Color Blindness Cannot Be a Response to Racism

Sunday, July 14th, 2013 11:00 am

Last night, as I watched the announcement of the George Zimmerman jury, I closed my eyes in prayer.

I gave thanks for the jurors and their service – having served on a jury in the recent past, I can honestly say it is the most intellectually and emotionally draining experience I’ve ever encountered. I prayed for the family of Trayvon Martin and for the questions they still have that were not answered through the trial process. But most importantly, I prayed for a world in which we act as if race no longer matters.

Race matters, not because we live in an overtly racist society any longer. Race matters because racism is structural, hidden, and pervasive. The events of the past two weeks highlight the structural racism that is still present in American culture. The Supreme Court’s gutting of the Voting Rights Act and the media’s attempt to create division among people of racial and ethnic minorities highlights the glue that allows racism to continue to be structural, hidden, and pervasive: privilege. Or to be more direct: white privilege.

It is white privilege that allowed my 71-year-old father to state, “Well, I guess we can expect riots to begin soon.” His white privilege allows him to assume that the only response to injustice to African Americans is rioting.

It is white privilege that allowed Supreme Court Justice Antonin Scalia to claim that the Voting Rights Act is a form or racial entitlement. In Shelby County v. Holder, Justice Scalia upheld this opinion, and along with his Supreme Court cohorts, referred the Act back to Congress for further review.

It is white privilege which states that racism is prejudice against the color of a person’s skin. Our privilege has let us believe this, and it is incorrect. Racism is prejudice PLUS privilege. Until we recognize the way in which our privilege (be it racial, economic, heterosexual) influences societal injustices, we will never be able to break the cycles we claim are detrimental to work of justice.

Our progressive theological movements are often wrapped in a shroud of white privilege. We want to take seriously Paul’s directive to the Galatians, that “in Christ there is no longer Jew nor Greek, there is no longer slave or free, there is no longer male and female, for all of you are one in Christ Jesus.” We want to believe there are no longer differences, so we say, “We’re color blind, race isn’t an issue for us.”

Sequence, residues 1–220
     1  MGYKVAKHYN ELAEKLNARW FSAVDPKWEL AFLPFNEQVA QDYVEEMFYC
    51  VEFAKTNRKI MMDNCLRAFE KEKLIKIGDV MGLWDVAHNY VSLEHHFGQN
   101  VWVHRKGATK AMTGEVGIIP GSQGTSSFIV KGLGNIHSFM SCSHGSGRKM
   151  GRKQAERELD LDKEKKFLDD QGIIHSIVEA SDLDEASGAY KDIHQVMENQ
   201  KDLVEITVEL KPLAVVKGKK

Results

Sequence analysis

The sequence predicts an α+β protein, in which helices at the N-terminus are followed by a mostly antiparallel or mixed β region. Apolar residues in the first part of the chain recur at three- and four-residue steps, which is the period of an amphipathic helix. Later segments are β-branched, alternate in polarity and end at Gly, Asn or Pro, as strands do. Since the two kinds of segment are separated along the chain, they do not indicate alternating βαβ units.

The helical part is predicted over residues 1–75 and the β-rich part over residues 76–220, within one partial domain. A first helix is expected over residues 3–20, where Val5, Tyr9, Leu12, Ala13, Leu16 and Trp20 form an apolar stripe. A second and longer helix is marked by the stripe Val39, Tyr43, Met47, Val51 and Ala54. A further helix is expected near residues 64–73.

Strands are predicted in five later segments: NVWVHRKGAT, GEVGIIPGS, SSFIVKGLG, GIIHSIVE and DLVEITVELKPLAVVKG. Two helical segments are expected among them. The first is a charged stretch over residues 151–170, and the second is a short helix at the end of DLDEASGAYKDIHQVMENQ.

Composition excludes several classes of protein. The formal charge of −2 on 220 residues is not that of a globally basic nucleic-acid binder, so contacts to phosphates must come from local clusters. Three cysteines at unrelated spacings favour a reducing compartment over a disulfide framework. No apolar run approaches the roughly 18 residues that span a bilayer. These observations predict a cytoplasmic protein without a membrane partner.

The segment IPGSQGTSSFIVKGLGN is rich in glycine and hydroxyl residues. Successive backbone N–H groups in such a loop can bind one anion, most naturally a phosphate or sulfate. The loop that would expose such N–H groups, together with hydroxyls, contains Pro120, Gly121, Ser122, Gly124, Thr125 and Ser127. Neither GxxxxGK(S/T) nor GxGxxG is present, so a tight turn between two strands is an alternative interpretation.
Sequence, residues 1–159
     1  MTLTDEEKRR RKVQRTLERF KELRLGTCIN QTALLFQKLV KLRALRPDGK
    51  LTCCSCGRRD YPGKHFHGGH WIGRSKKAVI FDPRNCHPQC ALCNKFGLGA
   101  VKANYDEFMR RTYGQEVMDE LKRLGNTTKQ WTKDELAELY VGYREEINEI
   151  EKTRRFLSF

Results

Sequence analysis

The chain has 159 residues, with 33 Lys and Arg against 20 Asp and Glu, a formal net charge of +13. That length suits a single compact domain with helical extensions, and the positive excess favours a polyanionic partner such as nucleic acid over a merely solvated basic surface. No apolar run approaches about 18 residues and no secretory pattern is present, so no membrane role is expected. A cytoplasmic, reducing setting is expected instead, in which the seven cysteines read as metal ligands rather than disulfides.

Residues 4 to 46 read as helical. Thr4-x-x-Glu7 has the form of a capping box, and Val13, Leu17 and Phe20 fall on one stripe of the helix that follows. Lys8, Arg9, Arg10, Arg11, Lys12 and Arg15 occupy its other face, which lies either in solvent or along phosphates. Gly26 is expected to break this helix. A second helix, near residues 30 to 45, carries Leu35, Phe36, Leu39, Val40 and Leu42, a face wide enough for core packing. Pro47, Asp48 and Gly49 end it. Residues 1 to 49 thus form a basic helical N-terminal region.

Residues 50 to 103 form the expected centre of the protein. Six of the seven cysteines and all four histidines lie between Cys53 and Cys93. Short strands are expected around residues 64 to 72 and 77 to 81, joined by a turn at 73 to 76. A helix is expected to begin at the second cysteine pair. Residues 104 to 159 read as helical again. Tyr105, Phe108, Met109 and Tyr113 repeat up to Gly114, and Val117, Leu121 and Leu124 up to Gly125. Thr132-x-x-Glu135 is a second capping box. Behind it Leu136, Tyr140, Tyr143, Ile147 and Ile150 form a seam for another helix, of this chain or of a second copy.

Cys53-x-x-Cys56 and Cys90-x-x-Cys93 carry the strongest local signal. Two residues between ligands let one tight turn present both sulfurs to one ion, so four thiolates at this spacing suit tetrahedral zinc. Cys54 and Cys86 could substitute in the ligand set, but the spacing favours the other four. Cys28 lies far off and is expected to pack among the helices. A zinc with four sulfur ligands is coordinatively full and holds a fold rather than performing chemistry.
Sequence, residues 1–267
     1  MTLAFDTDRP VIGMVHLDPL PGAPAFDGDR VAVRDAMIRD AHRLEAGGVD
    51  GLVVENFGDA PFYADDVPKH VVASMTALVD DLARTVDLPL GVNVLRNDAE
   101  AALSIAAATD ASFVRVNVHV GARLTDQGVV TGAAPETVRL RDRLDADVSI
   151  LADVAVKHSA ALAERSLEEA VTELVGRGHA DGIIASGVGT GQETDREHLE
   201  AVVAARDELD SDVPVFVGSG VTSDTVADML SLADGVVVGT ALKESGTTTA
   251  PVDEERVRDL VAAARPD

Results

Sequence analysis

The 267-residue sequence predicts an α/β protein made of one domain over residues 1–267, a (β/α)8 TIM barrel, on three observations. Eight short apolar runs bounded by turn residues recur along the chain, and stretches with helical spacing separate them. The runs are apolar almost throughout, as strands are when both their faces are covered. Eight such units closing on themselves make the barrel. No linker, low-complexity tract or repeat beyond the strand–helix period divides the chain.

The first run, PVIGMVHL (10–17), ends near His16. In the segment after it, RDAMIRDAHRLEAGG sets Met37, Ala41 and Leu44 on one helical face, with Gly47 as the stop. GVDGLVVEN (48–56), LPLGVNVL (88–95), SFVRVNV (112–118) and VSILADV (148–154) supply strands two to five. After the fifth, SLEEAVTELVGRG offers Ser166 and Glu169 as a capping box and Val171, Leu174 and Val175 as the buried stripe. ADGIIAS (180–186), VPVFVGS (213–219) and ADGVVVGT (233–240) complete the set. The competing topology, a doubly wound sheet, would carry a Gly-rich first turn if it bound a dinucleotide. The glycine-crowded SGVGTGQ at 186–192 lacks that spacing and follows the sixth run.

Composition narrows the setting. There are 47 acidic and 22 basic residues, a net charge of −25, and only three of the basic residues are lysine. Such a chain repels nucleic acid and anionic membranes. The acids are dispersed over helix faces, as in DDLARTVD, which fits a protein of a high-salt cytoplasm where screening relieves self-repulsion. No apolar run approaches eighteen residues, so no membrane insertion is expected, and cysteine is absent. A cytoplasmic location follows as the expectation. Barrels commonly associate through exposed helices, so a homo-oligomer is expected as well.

To say that we are color bind Christians negates the experiences of evil, injustice, and oppression of millions of our Christian siblings. Progressive, white Christians must engage in working on our own white privilege, reflecting on how our lives benefit from the pervasive, hidden structures in society that create injustice for others.

But it’s not enough to reflect. We must take action and work in broad coalitions chip away at the structural injustices our friends and neighbors encounter. The Methodist Federation for Social Action encourages participation this August in Washington, DC surrounding the 50th Anniversary of the March on Washington for Jobs and Justice. We’ll also be launching a postcard campaign, encouraging Congress not to fail in their assigned task of reviewing the Voting Rights Act. If you want to participate in this campaign, let us know.

I said a prayer last night. And I will continue to pray, and witness, and take action so the memory of those whose lives have ended at the intersection of racism and violence might be remembered through the work of future generations.

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Chett Pritchett is Interim Executive Director for the Methodist Federation for Social Action. He is a graduate of West Virginia Wesleyan College and Wesley Theological Seminary, and is a member at Dumbarton UMC in Washington, DC.

One Response to “Color Blindness Cannot Be a Response to Racism”

  1. Vicki Woods Says:

    A judicial system that says there has to be proof beyond a doubt that the killing was an act of hatred not fear for life is the structure that called for absolutely no accountability on Zimmerman's part.
    We cannot answer the question I know, but had the face been white, would standing one's ground by shooting a 17 year old dead been the only possible action?  

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